The Banyan Tree Exhibition
The Banyan Tree Exhibition
Bhavan Centre, London
The Banyan tree, renowned for its vast expanse, grand trunk and rooted presence, is less commonly known for the enormous ecological contribution it makes: it nurtures and provides an enabling environment for many other species to grow and thrive in its presence, including birds, fruit bats, primates and other creatures, which in turn disperse the seeds of hundreds of other plant species. A selection from Simon Richardson’s twenty years of photography work for Pulse that is now being displayed as part of Pulse’s Banyan Tree Heritage Project showcases Pulse’s ecological contribution to the arts and artists in the UK. This was also beautifully depicted in the image I saw as I walked into the exhibition, of the many leaves branching out from the tree, with each leaf containing an image of an artist. I am a bharatanatyam dancer trained in India, with a keen interest in dance photography. New to the UK, I am still exploring the heritage of artists and the arts in the West, and for me, there could not have been a more exciting visual access to understanding its growing arts sector.
As I glanced into the room, it was evident we would be travelling through the rich diversity of classical dance performed and showcased over the years. I expected to see performance-oriented images, of artists on stage, in costume and make up, presenting a pose or in motion. There were indeed spectacular images from stage performances, with dim lighting and spotlights, focusing on artists’ expressions, poses, movements. However, the diversity in Pulse’s image selection was a pleasant surprise. It not only displayed what happened on stage, but also off it. We caught glimpses of the artist’s life beyond the stage, including practice sessions in dance class, in-studio photography shoots, community events with young children engaging in workshops, as well as more abstract and contemporary work. It was especially interesting to see how the images not only captured dance movements, but also mood and aesthetics. The combination of colour vs monochrome images especially enhanced their visual identity. Other combinations included full-frame poses vs close ups, solo and duet as well as groups, that reminded one of the possibilities in dance.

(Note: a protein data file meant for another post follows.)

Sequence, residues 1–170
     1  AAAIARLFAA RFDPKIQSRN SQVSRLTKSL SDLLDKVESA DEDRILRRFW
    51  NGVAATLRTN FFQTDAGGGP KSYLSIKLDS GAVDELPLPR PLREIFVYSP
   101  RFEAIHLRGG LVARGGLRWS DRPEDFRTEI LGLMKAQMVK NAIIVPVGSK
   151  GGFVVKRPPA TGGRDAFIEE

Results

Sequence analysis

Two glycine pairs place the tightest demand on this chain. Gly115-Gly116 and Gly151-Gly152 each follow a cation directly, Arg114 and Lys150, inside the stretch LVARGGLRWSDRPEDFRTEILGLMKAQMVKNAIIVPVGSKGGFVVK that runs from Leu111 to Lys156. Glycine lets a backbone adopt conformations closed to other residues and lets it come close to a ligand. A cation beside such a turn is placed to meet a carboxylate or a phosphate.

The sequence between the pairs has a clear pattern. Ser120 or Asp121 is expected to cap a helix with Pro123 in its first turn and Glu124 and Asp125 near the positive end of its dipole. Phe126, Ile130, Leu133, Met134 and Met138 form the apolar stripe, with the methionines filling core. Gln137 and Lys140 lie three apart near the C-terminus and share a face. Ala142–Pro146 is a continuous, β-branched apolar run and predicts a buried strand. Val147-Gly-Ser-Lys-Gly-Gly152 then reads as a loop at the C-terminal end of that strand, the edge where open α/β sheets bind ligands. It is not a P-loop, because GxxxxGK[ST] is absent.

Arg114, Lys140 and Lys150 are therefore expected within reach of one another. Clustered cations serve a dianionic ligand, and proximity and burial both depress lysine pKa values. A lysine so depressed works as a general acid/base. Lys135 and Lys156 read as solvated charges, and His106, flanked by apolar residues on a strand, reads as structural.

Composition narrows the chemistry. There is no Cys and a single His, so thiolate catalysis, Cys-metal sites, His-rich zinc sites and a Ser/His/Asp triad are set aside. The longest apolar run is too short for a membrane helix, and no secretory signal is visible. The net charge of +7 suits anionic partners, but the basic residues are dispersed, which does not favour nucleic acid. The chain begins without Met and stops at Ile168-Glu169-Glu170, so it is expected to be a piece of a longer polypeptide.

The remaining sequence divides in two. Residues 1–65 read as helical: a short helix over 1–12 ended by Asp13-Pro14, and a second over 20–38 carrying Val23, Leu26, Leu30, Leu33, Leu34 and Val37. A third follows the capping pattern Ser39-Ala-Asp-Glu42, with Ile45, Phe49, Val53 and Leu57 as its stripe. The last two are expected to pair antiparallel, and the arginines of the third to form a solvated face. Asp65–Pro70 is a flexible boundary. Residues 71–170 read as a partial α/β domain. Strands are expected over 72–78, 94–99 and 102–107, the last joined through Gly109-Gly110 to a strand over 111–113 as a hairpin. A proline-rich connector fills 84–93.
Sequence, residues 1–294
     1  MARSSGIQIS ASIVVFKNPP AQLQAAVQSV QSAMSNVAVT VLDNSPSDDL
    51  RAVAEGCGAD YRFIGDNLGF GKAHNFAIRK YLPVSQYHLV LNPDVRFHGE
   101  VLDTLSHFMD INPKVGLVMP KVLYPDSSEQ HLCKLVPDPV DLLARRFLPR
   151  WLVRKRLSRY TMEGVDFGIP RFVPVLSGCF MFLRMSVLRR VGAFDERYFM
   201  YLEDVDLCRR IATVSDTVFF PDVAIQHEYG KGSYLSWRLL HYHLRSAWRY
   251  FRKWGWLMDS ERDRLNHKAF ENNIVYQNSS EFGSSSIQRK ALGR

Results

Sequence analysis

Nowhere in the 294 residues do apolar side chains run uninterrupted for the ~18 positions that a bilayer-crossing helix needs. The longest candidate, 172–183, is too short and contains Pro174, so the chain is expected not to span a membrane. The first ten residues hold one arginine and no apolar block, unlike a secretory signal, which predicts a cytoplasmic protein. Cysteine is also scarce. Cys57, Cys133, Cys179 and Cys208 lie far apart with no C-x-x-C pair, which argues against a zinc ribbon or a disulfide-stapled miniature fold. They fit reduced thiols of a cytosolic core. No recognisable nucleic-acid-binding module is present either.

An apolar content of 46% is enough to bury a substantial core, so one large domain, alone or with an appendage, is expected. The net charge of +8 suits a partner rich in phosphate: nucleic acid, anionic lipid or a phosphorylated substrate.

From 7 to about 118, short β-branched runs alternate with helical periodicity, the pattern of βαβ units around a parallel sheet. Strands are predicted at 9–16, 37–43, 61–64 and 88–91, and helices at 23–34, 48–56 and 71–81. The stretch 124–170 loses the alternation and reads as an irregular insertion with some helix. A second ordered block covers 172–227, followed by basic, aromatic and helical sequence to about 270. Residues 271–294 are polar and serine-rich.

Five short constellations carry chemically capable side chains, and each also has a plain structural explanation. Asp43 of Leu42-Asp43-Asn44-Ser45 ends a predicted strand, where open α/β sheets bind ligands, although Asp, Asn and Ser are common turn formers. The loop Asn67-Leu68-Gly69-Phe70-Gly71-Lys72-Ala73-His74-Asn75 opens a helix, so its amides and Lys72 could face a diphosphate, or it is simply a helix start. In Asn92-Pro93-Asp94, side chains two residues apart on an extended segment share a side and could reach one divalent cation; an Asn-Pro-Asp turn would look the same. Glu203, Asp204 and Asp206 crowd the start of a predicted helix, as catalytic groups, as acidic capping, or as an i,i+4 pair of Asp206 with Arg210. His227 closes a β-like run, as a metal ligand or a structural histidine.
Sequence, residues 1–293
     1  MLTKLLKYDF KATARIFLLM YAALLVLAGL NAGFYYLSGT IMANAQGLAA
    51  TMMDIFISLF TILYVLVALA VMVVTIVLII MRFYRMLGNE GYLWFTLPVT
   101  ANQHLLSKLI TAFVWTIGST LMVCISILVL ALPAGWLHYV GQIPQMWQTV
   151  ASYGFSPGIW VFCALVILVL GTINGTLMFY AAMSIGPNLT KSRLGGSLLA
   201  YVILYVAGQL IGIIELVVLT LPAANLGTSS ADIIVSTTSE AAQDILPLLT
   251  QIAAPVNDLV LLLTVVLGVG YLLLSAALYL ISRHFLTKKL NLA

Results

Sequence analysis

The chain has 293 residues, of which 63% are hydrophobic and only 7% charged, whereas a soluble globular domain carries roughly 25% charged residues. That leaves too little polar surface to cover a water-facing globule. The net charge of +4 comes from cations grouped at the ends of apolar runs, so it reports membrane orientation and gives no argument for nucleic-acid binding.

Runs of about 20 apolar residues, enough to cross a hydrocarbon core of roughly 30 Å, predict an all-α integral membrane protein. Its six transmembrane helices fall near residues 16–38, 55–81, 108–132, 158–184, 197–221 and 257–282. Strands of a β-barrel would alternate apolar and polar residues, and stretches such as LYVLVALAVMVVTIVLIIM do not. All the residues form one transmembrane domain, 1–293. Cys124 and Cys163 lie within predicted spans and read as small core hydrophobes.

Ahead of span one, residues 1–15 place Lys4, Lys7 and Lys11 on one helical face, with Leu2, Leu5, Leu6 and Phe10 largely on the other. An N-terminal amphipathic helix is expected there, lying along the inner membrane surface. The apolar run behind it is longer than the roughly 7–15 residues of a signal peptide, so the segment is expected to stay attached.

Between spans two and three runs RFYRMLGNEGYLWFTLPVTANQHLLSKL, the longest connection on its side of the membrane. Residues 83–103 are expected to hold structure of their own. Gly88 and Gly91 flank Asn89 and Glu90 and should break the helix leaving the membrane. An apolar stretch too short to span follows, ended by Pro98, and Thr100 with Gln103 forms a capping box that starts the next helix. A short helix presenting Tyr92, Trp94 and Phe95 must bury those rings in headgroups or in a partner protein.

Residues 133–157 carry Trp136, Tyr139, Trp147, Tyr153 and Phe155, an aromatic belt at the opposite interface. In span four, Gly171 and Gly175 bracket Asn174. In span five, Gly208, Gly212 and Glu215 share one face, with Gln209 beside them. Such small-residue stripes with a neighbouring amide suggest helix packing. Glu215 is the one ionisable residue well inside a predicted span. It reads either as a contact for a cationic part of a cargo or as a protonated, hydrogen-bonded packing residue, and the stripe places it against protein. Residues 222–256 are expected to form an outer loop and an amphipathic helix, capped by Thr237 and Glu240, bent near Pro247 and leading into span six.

It crossed over generations, styles and venues; it included many eminent senior artists as well as more contemporary artists practising and performing kathak, bharatanatyam, odissi, and contemporary dance forms. It brought to life an extremely important aspect of dance history, the need to highlight the process of dance and a dancer’s life, rather than simply focus on the end goal or final performance. . This exhibition gives you a flavour of how these different moments might have looked, had you followed an artist on their journey. It also highlighted something truly significant, that these other aspects don’t necessarily have to be, and aren’t, a means to an end. Over the years, Pulse in essence has attempted through its images to involve the audience and its readers in the process or ‘journey’ of dance, rather than simply have people attend ‘events’.
Speaking with Sanjeevini Dutta, Commissioning Editor and curator of the exhibition, gave me a sense of how Pulse has tried to create a space for people to engage with the arts rather than simply consume. The aim has been to nurture freedom of expression and conversation by providing visual representations of the art and artists as well as through reviews, interviews and regular programme updates. The exhibition was a great reminder of this, and of the long journey and contribution of UK-based dancers to the vibrant arts scene that it is today, one that will continue to grow.
The images were a visual treat and a treasure to be stored in the archive for anyone seeking to understand the history of South Asian arts in the UK. Perhaps there will be some that do amongst the group of children that were there for a small workshop organised by Pulse during my visit, as part of the project to engage the next generation – continuing to nurture many more and being true to the nature of being a Banyan tree!
Photos on the walls by Simon Richardson | Images for this review by Pranita Choudhry
The exhibition has been funded by National Heritage Lottery
Pranita is a UK-based bharatanatyam dancer and social science researcher in the International Development sector working with charities and not-for-profit organisations.